MS Project was out because it couldn’t easily handle the agile approach. Tools like JIRA and Team Foundation Server worked and included several great capabilities for team integration, but were geared more toward Scrum and didn’t offer the flexibility I really needed. In the end, I found that using a mind map worked the best. It was cheap (free) to implement, did not require us to install a tool or web service on the client’s infrastructure, and most importantly, was effective in helping me manage my project internally with the team and externally with the client.
So, how can mind maps help you as a project manager? Let’s take a look at a typical mind map (Figure 1).
Figure 1: Standard Mind Map
This mind map was created with a FOSS tool called XMind. It has all of the elements needed to manage a project, but as you can see, the format is not suited to visualize the workflow. Fortunately, XMind has a matrix structure that transforms this information into a true Kanban board (Figure 2).
Figure 2: XMind Matrix View
With this structure, you can define your process steps and the set of swim lanes that best help you to break up and visualize the work. This could be by location, release, team, individual, or whatever best helps you manage your project. For example, when I was working on a project to rebuild all of the firewalls for a client, we broke it down by site. Therefore, each firewall was listed as a task for that site and you could easily see what the status was for each firewall at each location. This became the vehicle for communicating status with the client because the visual nature of the Kanban board made it simple to see how we were progressing and which sites were in trouble because activities were being blocked, either by internal or external events.
One other key feature with this approach is that each of the tasks is its own mind map, so you can easily keep all of the information associated with that task right at your fingertips as shown in Figure 3.
Figure 3: Task Details
For example, with the firewall tasks, I would keep all of the documentation on the rules, meeting notes, design decisions, and any other relevant information with that task so that I could easily refer back to them as needed. In addition, these notes were extremely useful during our client status meetings. We had all of the relevant information readily available if we needed to drill down, and we had a place to document decisions. Because this is such an extensible format, you can easily keep everything regarding your project within one tool as shown in Figure 4.
Figure 4: Complete Project Plan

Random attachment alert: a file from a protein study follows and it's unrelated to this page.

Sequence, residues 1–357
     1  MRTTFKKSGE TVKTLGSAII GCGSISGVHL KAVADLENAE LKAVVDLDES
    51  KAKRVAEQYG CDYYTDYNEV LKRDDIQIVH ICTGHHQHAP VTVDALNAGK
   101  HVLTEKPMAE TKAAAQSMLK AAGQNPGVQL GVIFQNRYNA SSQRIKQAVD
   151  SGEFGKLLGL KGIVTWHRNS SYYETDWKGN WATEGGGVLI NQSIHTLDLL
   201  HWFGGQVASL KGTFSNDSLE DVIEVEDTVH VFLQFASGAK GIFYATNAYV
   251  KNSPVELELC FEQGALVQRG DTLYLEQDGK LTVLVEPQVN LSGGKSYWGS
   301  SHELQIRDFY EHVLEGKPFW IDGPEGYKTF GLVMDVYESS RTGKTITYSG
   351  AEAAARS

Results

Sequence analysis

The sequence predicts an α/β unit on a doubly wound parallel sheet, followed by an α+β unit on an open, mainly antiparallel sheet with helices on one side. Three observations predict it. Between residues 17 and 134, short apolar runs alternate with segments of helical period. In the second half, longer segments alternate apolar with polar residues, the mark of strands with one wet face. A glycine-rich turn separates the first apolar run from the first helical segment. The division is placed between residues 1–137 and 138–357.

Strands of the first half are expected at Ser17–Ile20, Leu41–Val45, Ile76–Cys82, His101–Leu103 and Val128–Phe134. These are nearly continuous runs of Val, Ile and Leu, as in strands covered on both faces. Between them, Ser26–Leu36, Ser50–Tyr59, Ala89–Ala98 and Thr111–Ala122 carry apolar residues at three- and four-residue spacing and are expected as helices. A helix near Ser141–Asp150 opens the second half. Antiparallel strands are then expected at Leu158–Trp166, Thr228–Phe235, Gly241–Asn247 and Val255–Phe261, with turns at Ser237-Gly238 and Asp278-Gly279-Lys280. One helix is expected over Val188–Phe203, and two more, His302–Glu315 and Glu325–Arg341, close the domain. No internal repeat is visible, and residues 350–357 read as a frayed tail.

Even though XMind fully implements a Kanban board and helps integrate all project data, there are still opportunities for improvement and it might not be the best tool for all projects. The biggest shortfall in fully visualizing the workflow is that the swim lanes are fixed. Once you decide that you want to break the data apart by location, it is very hard to re-categorize the data based on the team or project phase. Therefore, while some questions can be easily answered, others may be far less intuitive. This has been an issue with every tool that I have reviewed. Additionally, you may need more of an automated workflow within the tool to support team integration.
Making the flow of work visible is core to understanding how work proceeds. Without understanding all workflow interactions, making the right decisions is harder. Using XMind to manage cyber security projects demonstrates our team’s ability to be agile and resourceful no matter the environment. The output provided from this tool allows us to effectively illustrate and communicate progress to client stakeholders within an independent workspace that doesn’t require infrastructure behind it.
XMind has enabled me to deliver projects on time, on budget, and with high quality. It reduced the “mechanics” so that I can focus on the project. Another key advantage is that visualizing the work facilitates continuous process improvements. Through visualization, the team becomes partners in incorporating lean principles, which encourages small, continuous, incremental, and evolutionary changes that stick.
This post illustrates just one example of how our cybersecurity professionals can deploy flexible strategies to help your organization achieve project success!